If you don't know, affiliate marketing is where we provide a link to a product and if you purchase that product via our link, we get a small commission (at absolutely no cost to you).
Everyone approaches this differently so I can only tell you what I do. I'm an Amazon affiliate, so in most posts I link to different products in the body of the post. I personally only link to products that I actually use because it's important to me to maintain the integrity of my blog and never recommend something just to make a buck (lol it's actually pennies). But if you don't want to purchase items through affiliate links....then don't. No one is forcing you to.
3. We have to write posts with Google SEO recommendations in mind.
This is probably the most important reason that blog posts are so long and I really hope it helps clear up any confusion.
There’s a joke that goes something like, “Where’s the best place to hide a body? On the second page of a Google search.” That’s because like it or not, Google has a monopoly on what people see.
So despite what you may think, there are actually a lot of blogs that "just post the recipe." But you don't see them because they're buried on the 10th page of Google. Or they're from a massive corporation that can pay to be at the top, not individual small bloggers.
Google uses SEO (search engine optimization) which is an algorithm to rank how useful content is and how well it answers the question people are asking. So if you search for "black forest cupcakes" Google will decide what posts meet that search criteria best and if you do a good job, you'll end up on the first page of Google results (the holy grail). Google does this a few ways:
- Keywords -- Keywords are the main way that Google can determine what your post is about. So if my post is about black forest cupcakes, I'm going to talk about what is black forest cake, the special ingredients you need for black forest cupcakes, my tips for how to decorate cupcakes, how to measure flour so that your cupcakes aren't dry, etc. Because that's the only way I'm going to rank on Google. And if I don't rank on Google, no one will ever find my recipes so then what's the point?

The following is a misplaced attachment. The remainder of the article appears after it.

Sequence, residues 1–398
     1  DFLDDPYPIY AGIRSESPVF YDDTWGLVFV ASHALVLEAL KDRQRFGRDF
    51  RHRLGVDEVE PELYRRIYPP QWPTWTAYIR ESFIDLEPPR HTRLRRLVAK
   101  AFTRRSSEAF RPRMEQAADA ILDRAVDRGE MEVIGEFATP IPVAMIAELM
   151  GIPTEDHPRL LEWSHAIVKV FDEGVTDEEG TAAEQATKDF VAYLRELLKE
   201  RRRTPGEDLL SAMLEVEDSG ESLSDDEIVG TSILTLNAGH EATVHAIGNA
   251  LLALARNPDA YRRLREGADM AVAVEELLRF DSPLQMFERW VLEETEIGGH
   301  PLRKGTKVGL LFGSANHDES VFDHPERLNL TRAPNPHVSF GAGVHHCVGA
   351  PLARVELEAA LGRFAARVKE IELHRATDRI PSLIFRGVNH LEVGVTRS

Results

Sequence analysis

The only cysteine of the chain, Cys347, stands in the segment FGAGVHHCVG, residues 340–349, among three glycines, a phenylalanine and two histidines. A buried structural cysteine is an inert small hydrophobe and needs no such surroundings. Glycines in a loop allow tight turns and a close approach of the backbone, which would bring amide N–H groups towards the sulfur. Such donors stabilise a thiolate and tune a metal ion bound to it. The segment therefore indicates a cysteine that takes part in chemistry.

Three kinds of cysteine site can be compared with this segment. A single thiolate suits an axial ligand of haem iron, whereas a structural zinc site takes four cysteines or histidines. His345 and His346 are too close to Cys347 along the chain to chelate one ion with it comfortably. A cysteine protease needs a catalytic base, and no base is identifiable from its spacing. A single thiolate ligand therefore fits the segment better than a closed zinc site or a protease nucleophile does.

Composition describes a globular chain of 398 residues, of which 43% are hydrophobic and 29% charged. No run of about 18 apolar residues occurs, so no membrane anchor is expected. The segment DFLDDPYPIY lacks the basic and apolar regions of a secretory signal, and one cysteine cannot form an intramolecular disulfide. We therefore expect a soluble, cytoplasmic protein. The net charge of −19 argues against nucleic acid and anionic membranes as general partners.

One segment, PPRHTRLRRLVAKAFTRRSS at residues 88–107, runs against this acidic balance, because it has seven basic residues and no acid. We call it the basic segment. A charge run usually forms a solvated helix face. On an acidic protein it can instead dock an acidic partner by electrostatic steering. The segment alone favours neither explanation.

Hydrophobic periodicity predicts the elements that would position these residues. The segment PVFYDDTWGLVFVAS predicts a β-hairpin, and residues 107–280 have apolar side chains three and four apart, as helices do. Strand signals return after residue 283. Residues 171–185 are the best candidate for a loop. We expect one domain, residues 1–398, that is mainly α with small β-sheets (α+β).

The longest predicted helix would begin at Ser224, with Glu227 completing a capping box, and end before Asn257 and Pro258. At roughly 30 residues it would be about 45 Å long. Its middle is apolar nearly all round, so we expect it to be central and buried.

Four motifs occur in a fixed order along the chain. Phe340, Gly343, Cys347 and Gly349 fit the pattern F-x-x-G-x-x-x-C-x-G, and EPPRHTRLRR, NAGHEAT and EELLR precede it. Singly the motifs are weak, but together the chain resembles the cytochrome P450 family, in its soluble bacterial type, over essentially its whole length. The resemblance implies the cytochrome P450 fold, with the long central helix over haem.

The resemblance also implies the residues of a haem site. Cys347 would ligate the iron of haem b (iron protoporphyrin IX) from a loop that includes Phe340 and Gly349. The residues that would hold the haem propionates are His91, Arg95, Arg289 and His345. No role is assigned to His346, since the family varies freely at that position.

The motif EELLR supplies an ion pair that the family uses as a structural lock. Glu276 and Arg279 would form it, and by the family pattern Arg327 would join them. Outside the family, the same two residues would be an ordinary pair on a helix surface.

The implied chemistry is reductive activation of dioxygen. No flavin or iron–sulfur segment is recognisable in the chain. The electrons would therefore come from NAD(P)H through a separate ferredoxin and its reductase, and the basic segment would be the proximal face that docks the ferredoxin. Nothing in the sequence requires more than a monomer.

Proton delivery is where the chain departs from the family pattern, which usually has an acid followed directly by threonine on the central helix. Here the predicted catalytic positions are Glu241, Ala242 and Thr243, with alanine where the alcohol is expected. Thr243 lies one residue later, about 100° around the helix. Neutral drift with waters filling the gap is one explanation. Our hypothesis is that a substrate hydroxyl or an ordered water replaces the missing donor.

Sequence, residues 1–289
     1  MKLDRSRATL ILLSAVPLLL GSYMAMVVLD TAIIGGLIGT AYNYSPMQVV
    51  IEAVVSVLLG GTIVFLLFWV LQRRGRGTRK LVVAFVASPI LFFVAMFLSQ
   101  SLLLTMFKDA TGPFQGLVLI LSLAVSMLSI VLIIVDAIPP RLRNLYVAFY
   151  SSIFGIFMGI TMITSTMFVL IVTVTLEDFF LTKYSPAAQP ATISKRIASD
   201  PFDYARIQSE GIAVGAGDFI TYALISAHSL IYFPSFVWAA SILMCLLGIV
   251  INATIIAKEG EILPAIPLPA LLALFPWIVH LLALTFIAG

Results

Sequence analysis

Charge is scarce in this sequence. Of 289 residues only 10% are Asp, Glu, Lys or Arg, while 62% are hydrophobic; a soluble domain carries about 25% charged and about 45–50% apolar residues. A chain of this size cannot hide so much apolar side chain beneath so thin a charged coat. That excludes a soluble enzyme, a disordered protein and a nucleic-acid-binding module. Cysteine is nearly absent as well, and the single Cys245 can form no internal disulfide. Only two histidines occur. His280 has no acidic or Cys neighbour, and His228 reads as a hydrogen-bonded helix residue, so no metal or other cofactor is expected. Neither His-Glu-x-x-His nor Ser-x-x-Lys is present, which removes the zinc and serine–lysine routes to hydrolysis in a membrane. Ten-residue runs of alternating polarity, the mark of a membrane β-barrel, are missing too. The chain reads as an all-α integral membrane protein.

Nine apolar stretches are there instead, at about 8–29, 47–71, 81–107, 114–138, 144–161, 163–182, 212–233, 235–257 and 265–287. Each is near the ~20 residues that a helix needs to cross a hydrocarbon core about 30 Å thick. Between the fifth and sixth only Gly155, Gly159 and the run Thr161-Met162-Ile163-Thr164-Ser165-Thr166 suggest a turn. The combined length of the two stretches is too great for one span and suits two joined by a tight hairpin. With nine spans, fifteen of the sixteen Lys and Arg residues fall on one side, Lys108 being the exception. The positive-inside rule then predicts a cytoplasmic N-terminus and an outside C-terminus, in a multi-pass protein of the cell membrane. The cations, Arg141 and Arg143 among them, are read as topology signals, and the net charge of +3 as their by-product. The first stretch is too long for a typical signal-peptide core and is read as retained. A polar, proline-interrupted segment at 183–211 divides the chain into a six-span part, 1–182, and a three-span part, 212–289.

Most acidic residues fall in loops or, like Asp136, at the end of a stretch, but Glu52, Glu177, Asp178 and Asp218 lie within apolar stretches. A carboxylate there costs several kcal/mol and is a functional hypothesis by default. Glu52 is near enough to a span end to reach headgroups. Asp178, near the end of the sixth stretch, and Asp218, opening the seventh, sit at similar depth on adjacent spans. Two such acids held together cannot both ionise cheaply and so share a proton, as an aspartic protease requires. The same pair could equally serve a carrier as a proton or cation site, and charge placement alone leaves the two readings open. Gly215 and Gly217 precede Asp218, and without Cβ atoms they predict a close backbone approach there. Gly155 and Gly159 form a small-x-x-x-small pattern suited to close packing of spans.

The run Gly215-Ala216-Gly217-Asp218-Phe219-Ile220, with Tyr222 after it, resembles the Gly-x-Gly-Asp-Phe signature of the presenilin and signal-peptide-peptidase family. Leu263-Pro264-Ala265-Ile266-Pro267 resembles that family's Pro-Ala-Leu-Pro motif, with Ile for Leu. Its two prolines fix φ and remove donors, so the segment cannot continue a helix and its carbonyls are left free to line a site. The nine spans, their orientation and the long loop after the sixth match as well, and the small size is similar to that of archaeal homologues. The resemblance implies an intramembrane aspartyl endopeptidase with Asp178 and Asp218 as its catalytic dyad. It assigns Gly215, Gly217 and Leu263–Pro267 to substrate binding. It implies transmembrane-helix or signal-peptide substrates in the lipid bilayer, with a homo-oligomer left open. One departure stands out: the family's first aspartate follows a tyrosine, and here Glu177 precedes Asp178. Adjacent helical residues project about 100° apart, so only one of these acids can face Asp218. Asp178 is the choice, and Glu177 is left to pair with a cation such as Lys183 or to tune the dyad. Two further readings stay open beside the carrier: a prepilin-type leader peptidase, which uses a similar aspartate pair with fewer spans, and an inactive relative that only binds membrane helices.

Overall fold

- How long someone stays on your site -- The longer someone stays on your site, the better Google thinks you answered the question. So longer posts and more scrolling equals more time. The current SEO recommendations say you should have at least 300 words of text (but often more is better).
So long story short: long posts full of relevant keywords is how we get our recipes to rank on Google so that you can actually find them.
4. We are NOT posting our "whole life story" in every post.
There's this old, tired misconception that all the text in a recipe post is some long pointless life story. But that is just simply not true. As I stated above, the majority of the long text you see on food blogs are relevant tips and tricks for making the recipe.
Now back in 2015 when blogging was relatively new? Yes there were a lot of life stories in food blogs which is where the joke originated. However, if you're reading a recent, up-to-date blog, that's just not the case.
For example, in my recipes the first paragraph is always just describing the actual recipe so that I can use some main keywords. Then if it's a recipe that has significance to me (like my chocolate crinkles that we made every Christmas when I was growing up), I might write 1-2 sentences about what makes it special to me. But THAT'S IT! So if 2 sentences at the beginning of the post are triggering to you....I'm truly sorry but I'm a human, not a robot.
5. Not everyone has the same set of cooking/baking skills.
I consider myself a very experienced cook, but plenty of people are not. Most of the time, my main recipe card is just the bare bones, what you need to know to make the recipe. So if you're an experienced cook or baker, you'll have no trouble following along. And if that's the case, you can use the "jump to recipe" button at the top of the page and skip past all the text and ads.
But not everyone has the same level of experience in the kitchen, so the bulk of my blog post text is usually filled with tips and tricks, process shots, a deep dive on specific techniques, or product recommendations so that anyone can feel confident making the recipe.
For example, my macaron recipe posts are often over 2000 words. But there is literally NO "story" at all. The whole post is just an extremely detailed step by step guide on everything you could ever possibly want to know about making macarons. I poured my heart and soul into those posts because I have so much knowledge to share and I want anyone to be able to confidently bake them!